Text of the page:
Chorister life during lockdown

Thursday 2 July

The life of a Cathedral chorister in term time is normally a busy schedule of purposeful activity. When lockdown began, everything had to be reinvented as Director of Music, Tansy Castledine, explains.

The life of a Cathedral Chorister is very distinctive and special. Singing frames almost every day of the week, with choir sessions before and after school. Singing at the Cathedral services is the culmination of this intense daily training and the years of musical and vocal experience that a chorister gains through being in the Cathedral Choir.

Throughout lockdown, the children have undertaken a mixture of different styles of sessions which have enabled them to continue developing their vocal and technical skills, as well as their enthusiasm for the way in which music enhances our lives. Some of these sessions have been as a whole choir, some in smaller groups, and some have been individual sessions. In combination with daily singing practice, this has enabled chorister training to continue with a similar presence in chorister lives as before, but without the same outcomes for now.

Perhaps one of the key differences with virtual choir is just how focused singing is on individual chorister development and achievement, rather than the corporate music-making, and gift to others. To take that into account, every child has had an individualised musical learning plan and they have all worked incredibly hard at preparing for, and managing their sessions. With the support of their parents they have continued to learn a wealth of musical repertoire. In addition to the daily core music that they would study, prepare for, and expand, they have also studied solo song repertoire which has incorporated all genres of music. During sessions we have used the chat feature for keeping notes of our progress so that the choristers can continue to build their bank of knowledge and share their congratulations and enthusiasm for each other’s contributions throughout the sessions.

Along the chorister’s lockdown journey there have also been non-musical things happening and it’s been wonderful to see the children in their wider contexts. Each week in the full choir session we have had a different colour dress codes to reflect different aspects of the world around us, and we have had different musical themes and composers of the week too which has helped broaden musical horizons.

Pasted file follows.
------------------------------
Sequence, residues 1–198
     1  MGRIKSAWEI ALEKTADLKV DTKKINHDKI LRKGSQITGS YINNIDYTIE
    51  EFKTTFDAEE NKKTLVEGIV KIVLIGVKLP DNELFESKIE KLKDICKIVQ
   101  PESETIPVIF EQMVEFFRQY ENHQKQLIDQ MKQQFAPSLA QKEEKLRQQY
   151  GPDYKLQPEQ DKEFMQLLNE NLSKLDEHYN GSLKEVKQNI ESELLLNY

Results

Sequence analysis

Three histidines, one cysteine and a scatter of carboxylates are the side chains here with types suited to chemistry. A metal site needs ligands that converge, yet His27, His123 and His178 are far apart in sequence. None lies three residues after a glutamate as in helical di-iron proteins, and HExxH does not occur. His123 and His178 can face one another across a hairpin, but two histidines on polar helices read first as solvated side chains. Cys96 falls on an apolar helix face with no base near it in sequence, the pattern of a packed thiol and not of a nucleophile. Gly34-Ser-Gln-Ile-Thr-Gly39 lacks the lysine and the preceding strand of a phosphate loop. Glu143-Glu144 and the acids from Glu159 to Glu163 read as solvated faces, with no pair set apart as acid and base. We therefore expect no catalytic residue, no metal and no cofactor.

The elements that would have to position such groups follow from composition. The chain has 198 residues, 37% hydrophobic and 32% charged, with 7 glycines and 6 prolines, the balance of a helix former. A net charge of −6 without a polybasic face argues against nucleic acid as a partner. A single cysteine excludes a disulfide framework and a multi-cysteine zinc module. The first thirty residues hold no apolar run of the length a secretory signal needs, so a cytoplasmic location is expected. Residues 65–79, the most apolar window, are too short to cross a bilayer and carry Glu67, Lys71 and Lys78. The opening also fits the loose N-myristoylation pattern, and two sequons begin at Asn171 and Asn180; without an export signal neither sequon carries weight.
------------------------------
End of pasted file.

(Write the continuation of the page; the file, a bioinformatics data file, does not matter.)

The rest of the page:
There have been competitions and activities such as making a model of the Cathedral, learning to recite all 66 books of the Bible, drawing pictures, sharing other talents and skills that they’ve been developing, introducing us to family pets, new cooking recipes, books, and dance routines! The choristers have all undertaken audio recordings and several have also had the opportunity to take part in some video recordings and it’s been wonderful to see the resilience that they all have shown towards the high standards in these projects. See photo gallery below.

We are immensely fortunate to have 50 highly committed and dedicated choristers here at Peterborough Cathedral. I feel truly humbled at the amount of energy, courage, conviction, enthusiasm, independence, and aspiration that has been invested by each chorister into continuing with choir and their singing, in the absence of being able to meet and rehearse in person.

On Sunday 5th July, the morning service will celebrate the choir and musical tradition of the Cathedral as we conclude our choir term. It’s very clear that as always, choir activities will be missed hugely as we take our summer break, but perhaps even more so this year, as during lockdown it has been such a defining feature of “lockdown life”, maintaining a known for the children and being an aspect of great positivity and activity for our choristers during this time.

It’s been lovely to hear the choristers’ enthusiasm for when we can come back and sing together in person:

“I can’t wait to get to sing this solo.”
“When can we sing together again?”
“That will sound so good in the building.”
“Can we learn another new piece by that composer?”

Parents and wider families further afield have also really valued that the artistic aspiration, determination and success has remained, as they have taken part in so many different choir projects, some of which have been shared more widely via the web.  

Be a chorister for a day

The Cathedral Choir offers 9 chorister places each year to children in Year 2 in preparation for starting in the choir in Year 3. Each year, the “Be a chorister for a day” event draws high numbers of children who would like to see whether the Cathedral Choir musical education experience is for them and find out more about auditioning for the choir. We encourage you to let potential choristers know about this unique opportunity to be a part of a most special aspect of the country’s choral and artistic heritage. To book a place on the 2020 “Be a chorister for a day” event, which takes place on 3rd October, or to find out more about being in the choir, please contact:

Photo gallery

The photos below show some of the non-singing activities the choristers have been up to at home, including gardening, reading, creating a space game, baking, caring for chickens and dogs, and making a wonderfully detailed Lego cathedral (spot the £100 note in the red collection plate!)

Chorister with plantsChorister with bookChorister with space game

chorister with chickensChorister with musical biscuitsLego Cathedral made by a chorister

Inside the Lego cathedralThe Lego congregation

Chorister's dogsArchie, the Music Department dog

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